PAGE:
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Putin has brief conversation with Obama — Peskov

June 06, 2014, 17:24 UTC+3
It was the first meeting of the two leaders since the start of the crisis in Ukraine, which remains the key problem in the relations between Moscow and the West
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© ITAR-TASS/Aleksey Nikolsky

OUISTREHAM, June 06. /ITAR-TASS/. Russian President Vladimir Putin has had a brief conversation with US President Barack Obama during festive events dedicated to the 70th anniversary of the Normandy landings in France, presidential spokesman Dmitry Peskov said Friday.

“Despite the fact that there was no separate meeting, the two heads of state got an opportunity to exchange opinions on the situation in Ukraine and the crisis in Ukraine’s south-east. Putin and Obama agreed on the necessity to reduce violence and combat operations as soon as possible,” Peskov said.

It was the first meeting of the two leaders since the start of the crisis in Ukraine, which remains the key problem in the relations between Moscow and the West.

The positions of Russia on the one hand and Kiev and the West on the other are fundamentally different on events that have happened in Ukraine since the end of last year.

Ukraine crisis

Ukraine has been in turmoil after a coup occurred in the country in February 2014 that saw new people brought to power amid anti-government protests that often turned violent as President Viktor Yanukovych had to leave Ukraine for Russia for security reasons in late February.

The protests were triggered by Yanukovych’s decision to suspend the signing of an association deal with the European Union in November 2013 to study the agreement more thoroughly.

In March 2014, Ukraine lost a swathe of its territory, when the Crimean Peninsula and the city of Sevastopol within it having a special status refused to obey the coup-imposed Ukrainian leaders and seceded from Ukraine after a referendum to reunify with Russia following 60 years as part of Ukraine.

Despite Moscow’s repeated statements that the Crimean referendum on secession was in line with the international law and the UN Charter and in conformity with the precedent set by Kosovo’s secession from Serbia in 2008, the West and Kiev have refused to recognize the legality of Crimea’s reunification with Russia.

Some Russian and Crimean officials and companies have been subjected to sanctions by Western nations, including visa bans and asset freezes, after Crimea’s incorporation by Russia.

The West led by the United States has repeatedly threatened Russia with further penalties, including economic ones, for its position on Ukraine (incorporation of Crimea and what the West claimed was Moscow’s alleged involvement in protests in Ukraine’s Southeast).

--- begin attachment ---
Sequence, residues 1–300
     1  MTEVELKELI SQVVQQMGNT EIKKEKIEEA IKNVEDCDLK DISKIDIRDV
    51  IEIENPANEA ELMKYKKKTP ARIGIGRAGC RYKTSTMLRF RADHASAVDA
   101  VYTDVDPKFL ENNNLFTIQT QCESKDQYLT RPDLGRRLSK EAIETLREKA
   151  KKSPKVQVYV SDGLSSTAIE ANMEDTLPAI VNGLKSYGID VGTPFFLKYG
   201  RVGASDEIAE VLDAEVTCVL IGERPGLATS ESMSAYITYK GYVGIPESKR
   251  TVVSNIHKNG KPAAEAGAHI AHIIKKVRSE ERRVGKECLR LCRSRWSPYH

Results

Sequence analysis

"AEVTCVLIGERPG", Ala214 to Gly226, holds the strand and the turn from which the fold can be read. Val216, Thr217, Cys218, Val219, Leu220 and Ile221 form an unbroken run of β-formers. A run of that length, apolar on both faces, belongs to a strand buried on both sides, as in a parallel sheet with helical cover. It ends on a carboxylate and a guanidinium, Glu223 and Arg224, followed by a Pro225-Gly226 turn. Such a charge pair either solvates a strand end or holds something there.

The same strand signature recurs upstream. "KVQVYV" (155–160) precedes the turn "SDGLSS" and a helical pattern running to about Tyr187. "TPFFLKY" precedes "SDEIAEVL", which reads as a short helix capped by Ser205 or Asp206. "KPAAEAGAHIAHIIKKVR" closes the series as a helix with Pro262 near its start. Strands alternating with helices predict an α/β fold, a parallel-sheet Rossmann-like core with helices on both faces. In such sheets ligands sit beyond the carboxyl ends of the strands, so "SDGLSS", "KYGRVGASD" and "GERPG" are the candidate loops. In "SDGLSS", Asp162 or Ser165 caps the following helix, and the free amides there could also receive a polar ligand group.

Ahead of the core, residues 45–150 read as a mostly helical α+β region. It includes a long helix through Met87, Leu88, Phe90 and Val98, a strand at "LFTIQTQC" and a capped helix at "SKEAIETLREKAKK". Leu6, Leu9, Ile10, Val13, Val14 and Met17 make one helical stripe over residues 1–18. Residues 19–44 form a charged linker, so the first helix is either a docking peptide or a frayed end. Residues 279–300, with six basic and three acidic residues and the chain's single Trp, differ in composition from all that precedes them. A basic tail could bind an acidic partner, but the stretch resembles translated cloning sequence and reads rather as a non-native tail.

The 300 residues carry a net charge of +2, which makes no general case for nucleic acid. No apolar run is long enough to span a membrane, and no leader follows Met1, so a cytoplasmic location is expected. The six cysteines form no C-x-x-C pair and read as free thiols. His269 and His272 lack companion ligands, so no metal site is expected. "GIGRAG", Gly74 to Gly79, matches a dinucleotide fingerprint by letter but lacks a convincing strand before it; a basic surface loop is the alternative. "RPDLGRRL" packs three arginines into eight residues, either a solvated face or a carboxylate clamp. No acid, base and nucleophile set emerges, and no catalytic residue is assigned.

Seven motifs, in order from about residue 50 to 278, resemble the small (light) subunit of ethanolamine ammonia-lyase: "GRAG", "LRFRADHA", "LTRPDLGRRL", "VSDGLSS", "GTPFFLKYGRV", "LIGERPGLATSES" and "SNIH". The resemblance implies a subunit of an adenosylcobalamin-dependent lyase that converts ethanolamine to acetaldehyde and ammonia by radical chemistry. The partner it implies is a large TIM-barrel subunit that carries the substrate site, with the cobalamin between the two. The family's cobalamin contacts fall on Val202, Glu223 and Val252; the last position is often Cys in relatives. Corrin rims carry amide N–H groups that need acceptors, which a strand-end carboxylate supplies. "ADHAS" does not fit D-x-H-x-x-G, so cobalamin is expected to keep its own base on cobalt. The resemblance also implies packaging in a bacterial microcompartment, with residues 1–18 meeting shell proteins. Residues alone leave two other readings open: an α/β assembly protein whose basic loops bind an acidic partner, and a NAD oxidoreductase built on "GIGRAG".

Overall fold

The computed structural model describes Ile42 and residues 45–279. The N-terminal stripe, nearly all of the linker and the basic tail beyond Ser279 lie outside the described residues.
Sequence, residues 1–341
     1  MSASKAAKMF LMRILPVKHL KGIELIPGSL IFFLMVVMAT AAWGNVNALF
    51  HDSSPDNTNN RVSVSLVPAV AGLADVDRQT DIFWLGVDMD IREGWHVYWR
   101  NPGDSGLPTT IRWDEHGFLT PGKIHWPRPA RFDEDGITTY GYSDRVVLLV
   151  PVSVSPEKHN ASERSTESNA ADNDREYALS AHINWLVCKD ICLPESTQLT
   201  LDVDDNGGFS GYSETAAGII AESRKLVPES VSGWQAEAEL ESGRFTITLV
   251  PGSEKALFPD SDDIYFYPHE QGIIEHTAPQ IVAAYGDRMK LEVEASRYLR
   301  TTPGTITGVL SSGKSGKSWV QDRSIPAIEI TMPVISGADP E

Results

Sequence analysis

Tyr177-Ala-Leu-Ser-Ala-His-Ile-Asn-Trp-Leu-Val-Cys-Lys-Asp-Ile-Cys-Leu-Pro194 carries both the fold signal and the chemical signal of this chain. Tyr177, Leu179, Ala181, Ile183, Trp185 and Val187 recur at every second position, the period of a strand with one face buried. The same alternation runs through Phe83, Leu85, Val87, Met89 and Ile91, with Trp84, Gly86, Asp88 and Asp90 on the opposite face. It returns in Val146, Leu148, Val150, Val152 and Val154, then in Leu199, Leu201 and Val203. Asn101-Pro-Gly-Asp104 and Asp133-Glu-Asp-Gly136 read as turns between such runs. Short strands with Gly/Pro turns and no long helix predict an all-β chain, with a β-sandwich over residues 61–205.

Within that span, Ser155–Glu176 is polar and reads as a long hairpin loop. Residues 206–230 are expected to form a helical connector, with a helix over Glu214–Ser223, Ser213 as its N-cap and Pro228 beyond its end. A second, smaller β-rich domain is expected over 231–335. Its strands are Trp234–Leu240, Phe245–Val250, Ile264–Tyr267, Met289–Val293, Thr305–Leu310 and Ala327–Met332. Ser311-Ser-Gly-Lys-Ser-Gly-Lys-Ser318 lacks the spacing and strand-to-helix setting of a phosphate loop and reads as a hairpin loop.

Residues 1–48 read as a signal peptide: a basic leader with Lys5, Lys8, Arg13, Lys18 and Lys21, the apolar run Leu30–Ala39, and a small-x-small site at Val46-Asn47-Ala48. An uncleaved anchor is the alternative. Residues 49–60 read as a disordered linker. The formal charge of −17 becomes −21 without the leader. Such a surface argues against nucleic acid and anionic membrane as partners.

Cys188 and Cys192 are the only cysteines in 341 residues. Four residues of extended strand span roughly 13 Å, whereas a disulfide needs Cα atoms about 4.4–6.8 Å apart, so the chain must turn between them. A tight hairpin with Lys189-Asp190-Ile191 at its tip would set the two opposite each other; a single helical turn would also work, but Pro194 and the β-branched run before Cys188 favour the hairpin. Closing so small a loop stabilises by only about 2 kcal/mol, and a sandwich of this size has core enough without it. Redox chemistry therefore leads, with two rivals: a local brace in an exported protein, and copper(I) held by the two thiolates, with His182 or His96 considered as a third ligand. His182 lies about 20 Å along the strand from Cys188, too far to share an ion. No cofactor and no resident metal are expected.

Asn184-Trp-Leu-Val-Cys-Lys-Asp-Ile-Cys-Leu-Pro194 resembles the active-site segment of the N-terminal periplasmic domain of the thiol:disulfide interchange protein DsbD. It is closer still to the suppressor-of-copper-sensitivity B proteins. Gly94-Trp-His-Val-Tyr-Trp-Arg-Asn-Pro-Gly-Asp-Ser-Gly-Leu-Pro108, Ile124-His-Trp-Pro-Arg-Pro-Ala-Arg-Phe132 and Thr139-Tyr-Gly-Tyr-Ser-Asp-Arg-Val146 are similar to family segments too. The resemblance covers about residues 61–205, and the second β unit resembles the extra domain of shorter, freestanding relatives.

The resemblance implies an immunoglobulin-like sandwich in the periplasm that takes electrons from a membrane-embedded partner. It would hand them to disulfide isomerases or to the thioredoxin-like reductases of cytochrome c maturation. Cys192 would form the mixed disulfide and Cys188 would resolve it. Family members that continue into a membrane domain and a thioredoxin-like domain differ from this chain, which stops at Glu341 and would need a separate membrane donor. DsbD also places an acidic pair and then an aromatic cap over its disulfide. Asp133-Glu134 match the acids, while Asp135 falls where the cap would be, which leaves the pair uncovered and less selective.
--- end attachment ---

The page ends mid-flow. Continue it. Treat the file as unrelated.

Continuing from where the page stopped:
Russia has rejected the threats of broader sanctions, saying the language of punitive measures is counterproductive and will have a boomerang effect on Western countries.

Residents of Ukraine’s southeastern territories, mainly the Donetsk and Luhansk regions, staged massive protests against the coup-imposed Ukrainian authorities. Their urge to defend their rights was apparently prompted by Crimea’s accession to Russia in mid-March. Demonstrators in the Southeast, who have been demanding Ukraine’s federalization, seized some government buildings.

A punitive operation, conducted by Kiev against federalization supporters in Ukraine's Southeast, has already claimed dozens of lives, including civilian. The Donetsk and Luhansk regions held referendums on May 11, in which most voters supported independence from Ukraine.

Russian President Vladimir Putin has repeatedly dismissed Western claims that Russia could in any way be involved in protests in Ukraine's Southeast.

Russia has been insistently urging Kiev to stop the punitive operation, which involves armored vehicles, heavy artillery and attack aviation, and engage in dialogue with the Southeast.

Billionaire businessman and politician Petro Poroshenko won the May 25 early presidential election in Ukraine set by the provisional Kiev authorities propelled to power during the February coup. He is to be sworn in on June 7.

Western-leaning Poroshenko, dubbed “the chocolate king” because his structures control Ukraine’s Roshen confectionery manufacturer, earlier told media he had funded anti-government protests that led to February's coup.

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